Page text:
6.3. Checklists

We have found four papers (Reynolds, 2011; Walsh, 2006; Cohen, 2008; Côté and Turgeon, 2005) reviewing the literature on quality criteria or guidelines for qualitative research. One of them (Walsh, 2006) provides us with a synthesis of eight existing checklists and summary frameworks (see Table 7). This checklist is quite detailed and is designed in function of meta-synthesis, which is a kind of systematic review of qualitative research papers.

The list of criteria was built in order to rigorously appraise studies first before submitting them to the meta-synthesis technique. Agreement on criteria to judge rigor was necessary in order to decide which studies to include in the meta-synthesis. Walsh and Downe (Walsh, 2006) tabulated the characteristics mentioned in each of the papers in their review. Then they mapped together the characteristics given in all the included papers, sorting them by the number of checklists in which they appeared. In the next step both authors independently attempted a synthesis before coming together to discuss. Redundant criteria were excluded if both authors agreed that the exclusion would not change the final judgment on the meaningfulness and applicability of a piece of qualitative research. Finally the table below was constructed, structured into three columns, namely stages, essential criteria and specific prompts. Although some criteria may seem self-evident, others are less obviously fundamental (Walsh, 2006). This list of criteria is very detailed. In some studies, especially those with short time frame, a shorter and more pragmatic hands-on list could be practical. Therefore we also added the grid of  Côté and Turgeon [c] (Table 8) which is shorter, adapted to the specific context of heath care and easier to use for researchers who are less familiar with qualitative research. Other checklists are described in Appendix 1.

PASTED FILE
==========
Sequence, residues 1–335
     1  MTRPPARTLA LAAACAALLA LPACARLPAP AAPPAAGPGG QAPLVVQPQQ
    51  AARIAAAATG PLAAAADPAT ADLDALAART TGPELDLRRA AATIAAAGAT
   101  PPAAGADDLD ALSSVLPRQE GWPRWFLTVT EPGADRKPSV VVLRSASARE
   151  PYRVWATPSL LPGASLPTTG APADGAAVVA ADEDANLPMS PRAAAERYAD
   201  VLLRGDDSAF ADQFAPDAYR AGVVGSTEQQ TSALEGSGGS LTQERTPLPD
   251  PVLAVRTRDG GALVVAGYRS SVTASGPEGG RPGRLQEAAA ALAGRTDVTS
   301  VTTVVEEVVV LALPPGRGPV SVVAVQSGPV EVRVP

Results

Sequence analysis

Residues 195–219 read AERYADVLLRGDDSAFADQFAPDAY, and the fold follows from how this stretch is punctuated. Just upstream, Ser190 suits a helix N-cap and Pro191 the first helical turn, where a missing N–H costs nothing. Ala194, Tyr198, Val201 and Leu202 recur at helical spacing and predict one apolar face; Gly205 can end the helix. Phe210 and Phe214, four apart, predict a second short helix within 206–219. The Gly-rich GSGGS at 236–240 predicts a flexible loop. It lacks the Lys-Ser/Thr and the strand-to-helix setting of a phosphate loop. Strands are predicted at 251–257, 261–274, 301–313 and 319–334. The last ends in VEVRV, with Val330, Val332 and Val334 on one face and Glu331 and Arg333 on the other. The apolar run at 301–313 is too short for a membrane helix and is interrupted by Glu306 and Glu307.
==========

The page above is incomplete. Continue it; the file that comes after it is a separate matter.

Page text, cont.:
The use of a checklist may improve qualitative research, however they should be used critically: not every criterion is appropriate to every research context (Barbour, 2001). For example the list of Coté and Turgeon mentions interpretation of results in an innovative way as a quality criterion (point 10, Table 8), while this is not necessarily the case. Most important is a systematic approach during research process. For example the credibility of data analysis could encompass the use of software (Table 7), triangulation and/or member checking (point 7, Table 8), whereas a systematic approach with a detailed description of each step in the research process could have been sufficient.

 

Table 7 – Summary criteria for appraising qualitative research studies

Stages

Essential criteria

Specific prompts

Scope and purpose

Clear statement of, and rationale for, research question / aims / purposes

  • Clarity of focus demonstrated
  • Explicit purpose given, such as descriptive/explanatory intent, theory building, hypothesis testing
  • Link between research and existing knowledge demonstrated

 

Study thoroughly contextualized by existing literature

  • Evidence of systematic approach to literature review, location of literature to contextualise the findings, or both

Design

Method/design apparent, and consistent with research intent

  • Rationale given for use of qualitative design
  • Discussion of epistemological/ontological grounding